AI: To Go Boldly Where No Man Has Gone Before
By Betsy Burton
Artificial Intelligence: To Go Boldly Where No Man Has Gone Before
I couldn’t help myself but to quote the old line from the original Star Trek. But I have been discussing a lot about the impact of artificial intelligence on current held human jobs; what jobs could be lost and what new jobs may be created with it.
- The Impact of Artificial Intelligence on the Workforce
- Are We Turning Off Our Brains in Favor of AI?
- The State of Copyrights and Generative AI
- Prepping Your Organization for AI—How To Skill Up Your Workforce
- Will AI Take Your Job?
And, while these issues are really important, along with the negative potential impacts including increased hacking, fraud, and misinformation, there is also the question what of work artificial intellgience systems that is purely additive.
The reality is, with the advent of Artificial Intelligence-enabled digital labor, there is some work artificial intelligence systems could do that there is no human equivalent, or that humans should not be doing.
Mapping the Bottom of the Ocean
Some of the projects I find really interesting are the efforts to use Artificial Intelligence to map the bottom of the ocean. There is a project called Seabed 2030 that is currently working on just that.
Think about it, the oceans make up 70% of the world surface, and we have only mapped 20% of that. And it isn’t all that far distant of an issue. Where I live, there are large parts of the Monterey Bay that are uncharted because the bay is so deep.
The Monterey Bay Aquarium Research Institute (MBARI) is using Artificial Intelligence to help them process and analyze thousands of hours of ocean images. Their goal is to use this work to better understand the types of life is in the bay and use this information to help guide policies on resource usage and sustainability.
Both of these are examples of Artificial Intelligence performing a task that humans can’t take on.
AI and Micro Money Laundering
Catching money laundering has been a complex and difficult task for financial services organizations, investigative bodies (FBI, DHS, etc.) and regulators. In many cases, it is the large transfers of funds or significant real-estate purchases that get the most attention.
As a result, criminal elements have taken to micro money laundering to evade detection. This is where Artificial Intelligence has a role that humans really couldn’t match.
With micro money laundering, money is moved around to a very large number of accounts in small random amounts. Money laundering looks like any business dealing with daily transactions.
Artificial Intelligence can be used to detect frequent small deposits just below reporting thresholds, a sudden surge in account activity or multiple linked accounts showing similar transaction patterns.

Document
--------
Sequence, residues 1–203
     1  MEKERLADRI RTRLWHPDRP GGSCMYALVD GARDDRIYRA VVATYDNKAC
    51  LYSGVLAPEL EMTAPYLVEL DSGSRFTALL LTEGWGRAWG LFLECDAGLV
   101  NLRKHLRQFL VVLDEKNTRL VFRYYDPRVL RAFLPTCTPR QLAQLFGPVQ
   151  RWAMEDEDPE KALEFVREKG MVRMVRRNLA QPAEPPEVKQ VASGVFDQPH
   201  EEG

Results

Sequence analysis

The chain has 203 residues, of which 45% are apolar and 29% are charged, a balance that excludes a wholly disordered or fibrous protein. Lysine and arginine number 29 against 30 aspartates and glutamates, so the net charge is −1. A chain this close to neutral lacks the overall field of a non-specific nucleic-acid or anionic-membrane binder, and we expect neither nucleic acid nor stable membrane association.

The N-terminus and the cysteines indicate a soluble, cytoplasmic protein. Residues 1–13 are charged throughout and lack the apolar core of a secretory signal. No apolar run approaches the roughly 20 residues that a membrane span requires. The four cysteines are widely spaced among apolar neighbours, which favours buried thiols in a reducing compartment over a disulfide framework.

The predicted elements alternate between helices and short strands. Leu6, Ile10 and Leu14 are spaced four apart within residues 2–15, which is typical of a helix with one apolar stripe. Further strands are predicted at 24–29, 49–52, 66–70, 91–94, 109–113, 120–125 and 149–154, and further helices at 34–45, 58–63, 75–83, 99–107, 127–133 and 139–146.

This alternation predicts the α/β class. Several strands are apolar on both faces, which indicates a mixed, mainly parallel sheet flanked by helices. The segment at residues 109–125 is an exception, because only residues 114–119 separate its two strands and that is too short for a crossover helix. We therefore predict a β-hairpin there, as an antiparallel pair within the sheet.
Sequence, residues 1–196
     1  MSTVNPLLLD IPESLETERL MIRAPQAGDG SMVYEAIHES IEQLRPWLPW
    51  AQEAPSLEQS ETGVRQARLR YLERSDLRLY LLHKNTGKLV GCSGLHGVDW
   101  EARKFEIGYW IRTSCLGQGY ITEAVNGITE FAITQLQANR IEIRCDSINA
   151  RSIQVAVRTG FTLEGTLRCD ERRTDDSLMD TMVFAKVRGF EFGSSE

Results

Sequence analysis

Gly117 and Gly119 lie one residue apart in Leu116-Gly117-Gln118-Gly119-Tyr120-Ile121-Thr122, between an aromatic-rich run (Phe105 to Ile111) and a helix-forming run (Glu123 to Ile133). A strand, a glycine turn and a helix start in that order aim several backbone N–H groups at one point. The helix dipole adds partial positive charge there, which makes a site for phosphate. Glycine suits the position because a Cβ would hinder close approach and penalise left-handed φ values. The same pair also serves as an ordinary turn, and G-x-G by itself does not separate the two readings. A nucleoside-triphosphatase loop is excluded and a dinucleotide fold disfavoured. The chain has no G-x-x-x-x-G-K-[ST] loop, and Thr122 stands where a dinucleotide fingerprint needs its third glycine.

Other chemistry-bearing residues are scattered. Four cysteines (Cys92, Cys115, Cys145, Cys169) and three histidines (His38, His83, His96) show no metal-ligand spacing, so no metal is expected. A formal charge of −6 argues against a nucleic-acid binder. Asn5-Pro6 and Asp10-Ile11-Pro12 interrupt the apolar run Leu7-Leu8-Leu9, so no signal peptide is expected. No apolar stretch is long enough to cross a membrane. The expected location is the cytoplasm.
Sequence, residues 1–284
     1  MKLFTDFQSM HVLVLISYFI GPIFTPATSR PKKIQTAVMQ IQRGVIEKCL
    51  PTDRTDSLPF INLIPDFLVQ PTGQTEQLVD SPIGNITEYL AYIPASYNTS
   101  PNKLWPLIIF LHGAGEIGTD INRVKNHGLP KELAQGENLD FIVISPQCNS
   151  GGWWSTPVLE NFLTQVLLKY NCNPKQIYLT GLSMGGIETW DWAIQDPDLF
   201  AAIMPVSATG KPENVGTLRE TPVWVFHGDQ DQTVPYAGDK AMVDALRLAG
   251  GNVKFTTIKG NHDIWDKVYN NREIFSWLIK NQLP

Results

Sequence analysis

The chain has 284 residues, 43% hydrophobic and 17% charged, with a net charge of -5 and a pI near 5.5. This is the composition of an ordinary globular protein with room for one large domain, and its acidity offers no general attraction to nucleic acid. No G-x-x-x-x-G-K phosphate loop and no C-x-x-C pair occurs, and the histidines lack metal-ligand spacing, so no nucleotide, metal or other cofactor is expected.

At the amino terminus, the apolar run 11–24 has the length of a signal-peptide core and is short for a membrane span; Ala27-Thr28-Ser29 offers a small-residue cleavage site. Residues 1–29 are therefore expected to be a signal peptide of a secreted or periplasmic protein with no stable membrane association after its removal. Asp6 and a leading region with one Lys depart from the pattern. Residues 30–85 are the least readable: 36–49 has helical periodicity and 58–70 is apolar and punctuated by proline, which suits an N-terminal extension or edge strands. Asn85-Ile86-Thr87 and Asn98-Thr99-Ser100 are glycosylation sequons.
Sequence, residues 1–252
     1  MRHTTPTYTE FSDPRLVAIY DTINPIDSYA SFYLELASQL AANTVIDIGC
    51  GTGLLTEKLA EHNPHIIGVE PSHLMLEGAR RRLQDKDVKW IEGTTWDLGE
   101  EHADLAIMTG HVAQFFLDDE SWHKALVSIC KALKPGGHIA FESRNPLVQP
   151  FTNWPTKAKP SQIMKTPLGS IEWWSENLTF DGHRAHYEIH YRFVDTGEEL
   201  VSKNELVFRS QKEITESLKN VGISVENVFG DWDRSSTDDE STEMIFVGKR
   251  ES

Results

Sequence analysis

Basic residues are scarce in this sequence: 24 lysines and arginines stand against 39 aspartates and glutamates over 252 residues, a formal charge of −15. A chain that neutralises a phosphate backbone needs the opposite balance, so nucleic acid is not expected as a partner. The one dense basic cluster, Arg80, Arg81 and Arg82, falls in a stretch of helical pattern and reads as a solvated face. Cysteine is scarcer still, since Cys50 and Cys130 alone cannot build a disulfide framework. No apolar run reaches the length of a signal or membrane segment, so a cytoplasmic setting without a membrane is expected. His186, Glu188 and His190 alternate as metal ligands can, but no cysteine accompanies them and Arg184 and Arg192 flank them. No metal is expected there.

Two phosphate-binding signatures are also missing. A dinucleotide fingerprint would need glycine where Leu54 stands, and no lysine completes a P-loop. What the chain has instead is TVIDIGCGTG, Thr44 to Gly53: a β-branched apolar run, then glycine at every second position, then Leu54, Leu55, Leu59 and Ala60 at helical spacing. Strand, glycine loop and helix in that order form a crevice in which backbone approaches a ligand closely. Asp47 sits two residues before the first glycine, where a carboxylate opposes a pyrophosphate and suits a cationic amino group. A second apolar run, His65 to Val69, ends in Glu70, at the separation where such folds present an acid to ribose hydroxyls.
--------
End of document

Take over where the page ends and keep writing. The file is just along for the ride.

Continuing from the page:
There are a number of security, privacy, copyright issues, ethical use, misinformation, and disinformation issues when it comes to Artificial Intelligence. There are also issues related to replacing or augmenting human workers, and what impact that has on diverse economies. And in addition, there are some jobs AI systems will take on that there is no human equivalent.
We held our Aragon Research Transform Tour presentation this morning related to this topic.
The big take away is that Artificial Intelligence is coming and will change how we work. Business and technology leaders must start understanding now how they might use AI and where they should not be using AI. There’s no stopping it. Your users and business leaders will adopt it so it’s critical that leaders and executives define parameters for this usage.
Keep your eye out for a note that I’m about to release. It provides sample principles for the use of Artificial Intelligence. I’m hoping that this will help organizations define guidelines and guardrails for how they should leverage AI and what guidance to provide within their organization.
Adopting Artificial Intelligence-enabled technologies is as much a people, process, organization, and strategy issue as it is about technology. The best AI-enabled solution will go nowhere if it doesn’t address a future-state business need and is accepted by users. Adopting AI-based solutions requires outside-in customer, user, and business thinking; not inside-out technology first thinking. Adopting AI requires a business and future-focused architect to help guide the integration of people, process, information, solutions and AI.
- Why is an Artificial IntelligenceArchitect Needed?
- What are the needed Skills and Responsibilities of An Artificial Intelligence Architect
- How is an Artificial Intelligence Architect Different from a Solution or Application Architect?